Retailers Bringing Chinese Livestream Shopping Events to Americans

December 20, 2020 Updated: December 20, 2020

News analysis

U.S. companies are beginning to adopt an online retail model widely used in China: livestreaming e-commerce.

Livestreaming e-commerce is the live promotion and selling of products via social media influencers either on their own channels or on the channel of an e-commerce platform. In China, it is mostly held on a channel hosted by one of the online shopping giants such as Alibaba.

Livestreaming retail is not completely new. The experience is akin to a segment on the QVC or Home Shopping Network, but the Chinese shows are often much more energetic and hosted by young, charismatic celebrities hawking the products. The segments are not fully focused on the shopping, as some sessions feature live performances and other variety shows.

Walmart—the retail giant and largest chain store in the world—held its first U.S. livestreaming e-commerce session on Dec. 18 on TikTok, the Chinese-owned social media platform that has garnered national security concerns from the Trump administration.

A Chinese Sensation

Social e-commerce has taken off in China, driven by millennials and Gen-Z consumers. The video streaming shopping market was worth an estimated $30 billion in 2016, according to TotalRetail.com. It is expected to reach $70 billion by 2021, and up to $184 billion by 2027.

And this trend has only accelerated due to the CCP virus pandemic, as even more consumers are taking their purchases online.

Its growth in China has been organic. The country has a lot of young, technology-savvy consumers already predisposed to shop online. Alibaba’s Taobao Live, Baidu, and JD.com—the three largest Chinese online retailers—are the biggest players and all have channels dedicated to livestream shopping. These retail giants often partner with social media websites such as Kuaishou and TikTok’s Chinese version, Douyin.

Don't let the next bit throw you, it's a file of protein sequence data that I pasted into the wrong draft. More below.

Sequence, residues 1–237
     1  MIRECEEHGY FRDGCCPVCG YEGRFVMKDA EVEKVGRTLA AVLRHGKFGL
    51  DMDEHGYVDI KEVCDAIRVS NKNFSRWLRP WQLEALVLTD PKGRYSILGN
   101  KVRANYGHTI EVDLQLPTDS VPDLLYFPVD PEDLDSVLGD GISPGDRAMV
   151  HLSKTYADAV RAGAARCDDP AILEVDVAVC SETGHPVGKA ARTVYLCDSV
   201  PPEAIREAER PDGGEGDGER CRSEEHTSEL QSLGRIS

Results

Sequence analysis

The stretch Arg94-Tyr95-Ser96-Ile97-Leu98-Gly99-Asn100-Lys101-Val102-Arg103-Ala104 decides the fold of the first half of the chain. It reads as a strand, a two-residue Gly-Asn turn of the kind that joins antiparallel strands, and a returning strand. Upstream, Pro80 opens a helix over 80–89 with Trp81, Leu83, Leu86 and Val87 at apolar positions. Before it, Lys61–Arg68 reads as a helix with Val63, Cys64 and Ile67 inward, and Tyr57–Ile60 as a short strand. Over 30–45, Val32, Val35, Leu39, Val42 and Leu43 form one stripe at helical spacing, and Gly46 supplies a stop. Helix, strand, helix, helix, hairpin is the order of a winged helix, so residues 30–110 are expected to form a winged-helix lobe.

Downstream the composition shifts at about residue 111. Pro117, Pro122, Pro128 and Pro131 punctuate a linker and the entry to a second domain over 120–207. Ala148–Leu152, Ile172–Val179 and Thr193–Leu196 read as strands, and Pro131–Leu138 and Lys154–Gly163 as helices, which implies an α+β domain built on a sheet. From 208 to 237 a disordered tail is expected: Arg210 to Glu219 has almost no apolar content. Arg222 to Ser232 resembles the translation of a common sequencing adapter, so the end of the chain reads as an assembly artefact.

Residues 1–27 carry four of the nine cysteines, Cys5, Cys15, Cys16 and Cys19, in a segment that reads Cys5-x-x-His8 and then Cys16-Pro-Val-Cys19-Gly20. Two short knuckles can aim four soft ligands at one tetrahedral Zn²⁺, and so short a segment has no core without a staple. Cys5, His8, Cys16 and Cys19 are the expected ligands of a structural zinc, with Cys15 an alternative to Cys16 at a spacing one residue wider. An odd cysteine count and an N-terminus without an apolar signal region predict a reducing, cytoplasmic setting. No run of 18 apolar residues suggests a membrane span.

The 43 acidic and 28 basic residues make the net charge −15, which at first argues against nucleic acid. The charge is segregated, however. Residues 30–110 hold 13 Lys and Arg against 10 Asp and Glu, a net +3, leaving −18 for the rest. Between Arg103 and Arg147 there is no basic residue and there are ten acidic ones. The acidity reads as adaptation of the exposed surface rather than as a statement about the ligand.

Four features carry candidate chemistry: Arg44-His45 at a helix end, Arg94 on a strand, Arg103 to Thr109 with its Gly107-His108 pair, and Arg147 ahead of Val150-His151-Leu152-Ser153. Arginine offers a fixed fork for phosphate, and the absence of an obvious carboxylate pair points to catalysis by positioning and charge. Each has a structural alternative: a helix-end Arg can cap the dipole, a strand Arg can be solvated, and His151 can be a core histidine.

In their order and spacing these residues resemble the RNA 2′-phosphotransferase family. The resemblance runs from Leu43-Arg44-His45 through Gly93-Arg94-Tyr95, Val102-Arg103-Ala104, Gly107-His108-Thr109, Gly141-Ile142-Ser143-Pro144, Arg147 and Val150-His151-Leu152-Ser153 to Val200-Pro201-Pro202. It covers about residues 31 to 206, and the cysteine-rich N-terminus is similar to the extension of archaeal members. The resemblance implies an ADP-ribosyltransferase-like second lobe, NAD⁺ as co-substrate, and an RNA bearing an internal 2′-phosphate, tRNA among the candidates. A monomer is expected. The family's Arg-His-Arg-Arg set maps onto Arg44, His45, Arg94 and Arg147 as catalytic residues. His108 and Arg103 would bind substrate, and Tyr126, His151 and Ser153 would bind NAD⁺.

In recent years, livestreaming in China has also branched out to topics beyond shopping. Some segments use celebrities to promote public service announcements from local officials or virtual tours to promote museums. In some ways, livestreaming has become an intersection of shopping and entertainment.

Foreign firms such as luxury apparel brands have been the early adopters of this method of online retail in China. But more recently, foreign companies from other sectors have also partnered with livestreaming events. Asset management firms, such as Invesco Great Wall, have used celebrities to pitch their mutual funds on livestream shopping events.

“Livestreaming is really a new phenomenon this year but has taken off fast,” Ken Kang, CEO of Invesco Great Wall—the Chinese affiliate of Atlanta-based investment advisor Invesco—said in a Dec. 16 Bloomberg report.

This is a far cry from how American financial advisors sell mutual funds to clients. But firms such as Invesco are forced to utilize social media because Chinese mutual fund managers hire online influencers to sell their funds. As U.S. investment managers look to break into the domestic Chinese market, they need to onboard local marketing channels.

Americans Adopting Livestreaming

Livestreaming isn’t as popular in the United States, accounting for only $1 billion in annual sales, according to Bloomberg.

U.S. consumers are slowly becoming accustomed to this marketing channel. Several dedicated platforms exist, including Brandlive and TalkShopLive, which have seen significant growth during the pandemic. Amazon has a streaming platform called Amazon Live where gifting experts record segments to promote certain products sold on Amazon.

But these events have not received much mainstream attention—until Dec. 18.

Retail giant Walmart hosted a “first-of-its-kind” livestream shopping event on Dec. 18, partnering with TikTok. The event was shown on Walmart’s TikTok profile page and 10 TikTok creators—including Michael Le, who has 43 million followers—hosted a “shoppable variety show event” lasting one hour.

Walmart’s foray into livestreaming is not unexpected. Walmart and Oracle Corp. struck a preliminary deal with ByteDance—TikTok’s Chinese parent company—to form a U.S. entity to acquire a portion of TikTok and satisfy President Donald Trump’s executive order for the social media platform to find American buyers.

At the time of the deal, it was unclear why Walmart, a brick-and-mortar retail, was a party in the TikTok transaction. But its recent livestream shopping event on TikTok gave an indication of how Walmart plans to utilize social media to promote its online retail platform.

As TikTok assimilates into the U.S. technology framework, will it also bring Chinese online shopping methods to Americans?